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Amnesia designer: removing combat opens up 'new horizons'

GDC Europe 2011: Frictional Games co-founder Thomas Grip on why Amnesia: The Dark Descent is scary and how trial-and-error play undermines emotional experiences.


Who was there: Thomas Grip, one of the founders of Frictional Games, the Swedish independent studio that produced the Penumbra games and Amnesia: The Dark Descent.

What they said: According to Grip, the horror game genre is exciting because it is "perhaps the only genre" to focus on "evoking an emotion." He said the studio had been "overwhelmed" by the positive response to Amnesia: The Dark Descent and discussed why it is considered such a scary game. He argued that game makers should challenge the inclusion of familiar gameplay staples such as combat, death, and trial-and-error systems in order to create emotionally involving, immersive games.

Frictional's Thomas Grip. [Credit: GDC Europe]
Frictional's Thomas Grip. [Credit: GDC Europe]

One of the first design principles in Amnesia, said Grip, was to have no weapons. When Frictional responded to strong player demand for weapons in Penumbra: Overture, the studio created an "intentionally quite clumsy [combat] system" and "made great efforts to make sure the weapons weren't very practical." The intention was that a player would hit an enemy with the (for example) broom weapon and then flee in order to survive. But "it turns out, when the player has an opportunity to kill something, they will." Given weapons, players treated the game as "a first-person hack-and-slash" and tended to conclude that "the combat sucked." In Penumbra: Black Plague, in which Frictional removed combat, players approached the game in a new way: "not only were enemy encounters changed, but it changed how they looked at the game," Grip said.

Grip speculated that the approach would work for other genres, not only survival horror. He said the "lure of [including] combat is so strong" because "it's so hard to come up with other interesting ways to interact with [gameworlds]." He said combat detracts from other game experiences because of "the myth of multitasking." "If you have two things you want to do at the same time, you have to switch between them. If the player chooses to focus on [non-combat elements], they will be less good at it," said Grip. "There don't even need to be enemies on the screen for this effect to set in."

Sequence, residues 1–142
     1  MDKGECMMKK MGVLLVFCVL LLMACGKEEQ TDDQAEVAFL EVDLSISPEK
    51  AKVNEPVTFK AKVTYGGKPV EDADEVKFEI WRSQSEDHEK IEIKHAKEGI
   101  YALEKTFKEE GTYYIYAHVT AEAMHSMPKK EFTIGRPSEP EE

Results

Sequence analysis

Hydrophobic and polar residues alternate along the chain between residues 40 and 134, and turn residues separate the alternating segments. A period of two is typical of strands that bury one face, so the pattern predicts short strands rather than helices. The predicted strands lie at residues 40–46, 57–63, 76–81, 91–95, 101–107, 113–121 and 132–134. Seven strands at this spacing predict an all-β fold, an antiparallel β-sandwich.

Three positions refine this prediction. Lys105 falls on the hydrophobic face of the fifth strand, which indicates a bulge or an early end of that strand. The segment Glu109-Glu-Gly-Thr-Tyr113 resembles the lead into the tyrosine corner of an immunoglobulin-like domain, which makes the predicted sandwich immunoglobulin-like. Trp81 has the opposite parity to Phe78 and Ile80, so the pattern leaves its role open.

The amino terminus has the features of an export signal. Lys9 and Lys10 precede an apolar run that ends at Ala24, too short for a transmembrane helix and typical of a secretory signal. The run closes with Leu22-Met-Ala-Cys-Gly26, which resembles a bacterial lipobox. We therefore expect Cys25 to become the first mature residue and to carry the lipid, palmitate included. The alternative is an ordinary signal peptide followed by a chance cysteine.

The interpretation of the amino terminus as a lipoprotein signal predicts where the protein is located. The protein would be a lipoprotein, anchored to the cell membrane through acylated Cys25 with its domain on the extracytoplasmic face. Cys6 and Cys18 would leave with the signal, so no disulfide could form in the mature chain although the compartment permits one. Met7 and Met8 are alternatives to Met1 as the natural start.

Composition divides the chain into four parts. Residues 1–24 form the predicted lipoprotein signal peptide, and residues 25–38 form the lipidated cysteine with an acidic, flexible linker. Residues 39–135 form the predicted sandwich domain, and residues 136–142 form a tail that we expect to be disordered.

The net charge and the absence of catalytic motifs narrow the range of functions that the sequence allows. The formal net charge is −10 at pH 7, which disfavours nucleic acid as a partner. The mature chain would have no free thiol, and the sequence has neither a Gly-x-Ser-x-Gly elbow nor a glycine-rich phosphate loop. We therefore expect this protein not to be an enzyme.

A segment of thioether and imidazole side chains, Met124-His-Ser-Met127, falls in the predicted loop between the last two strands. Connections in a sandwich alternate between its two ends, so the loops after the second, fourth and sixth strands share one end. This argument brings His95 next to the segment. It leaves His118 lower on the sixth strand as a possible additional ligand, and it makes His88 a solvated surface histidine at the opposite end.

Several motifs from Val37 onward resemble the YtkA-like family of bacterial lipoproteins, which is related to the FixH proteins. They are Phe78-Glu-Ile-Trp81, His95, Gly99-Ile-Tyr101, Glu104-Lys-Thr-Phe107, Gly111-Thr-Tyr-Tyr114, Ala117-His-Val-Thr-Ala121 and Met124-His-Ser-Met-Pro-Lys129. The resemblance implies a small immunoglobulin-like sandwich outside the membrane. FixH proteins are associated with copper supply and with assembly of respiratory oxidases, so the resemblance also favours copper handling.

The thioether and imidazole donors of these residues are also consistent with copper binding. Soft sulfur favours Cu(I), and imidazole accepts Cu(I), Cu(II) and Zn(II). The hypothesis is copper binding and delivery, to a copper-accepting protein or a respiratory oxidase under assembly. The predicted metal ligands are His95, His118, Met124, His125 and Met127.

It's also hard to create new and different experiences in the presence of weapons: "if you give the player a gun, he will expect to go to a shooting range," said Grip. He elaborated: "Once you have a specific tool for interaction, it tells the player what kind of role they're meant to play. If we want to have different experiences, we need to have different forms of interaction… Once we remove the combat, new horizons open up, players start to approach the game quite differently."

The absence of "proper death" (that is, death accompanied by traditional in-game penalties) was another design principle in Amnesia: The Dark Descent. "It wasn't until the last half-year [of development] we implemented this," said Grip. Similarly, the absence of conventional "competitive mechanics" was key, though added late. These game conventions lead to conventional trial-and-error systems in gameplay, which undermine horror and other emotional game experiences through repetition. "Chase sequences are very important in horror," Grip said, by way of example. "We had to emulate this for our game [Overture] somehow. Turns out, about 50 percent of people who played Overture like [the chase sequences]. The other half hated it." The people who loved it were those who succeeded in one or two attempts--those who hated it had endured the trial-and-error approach.

As another example of removing competitive mechanics, Grip explained that the computer-controlled enemies in Amnesia: The Dark Descent wouldn't aggressively seek out hiding players but deliberately move close to their hiding place and then move away to heighten their sense of fear. "If we would have had a more competitive system, having this [emotional] response would have been a lot harder."

Quotes: "We must allow [games] to be expressive. This is where I think the future of games lies."

Takeaway: Game developers should think twice before including ingrained game conventions such as combat, death, and trial-and-error gameplay. Trial and error in games undermines emotional experiences and "keeps the machinery opaque." It is un-immersive because it "chips away at the make-believe," forcing the player to examine the game machinery to figure out how to beat the system.

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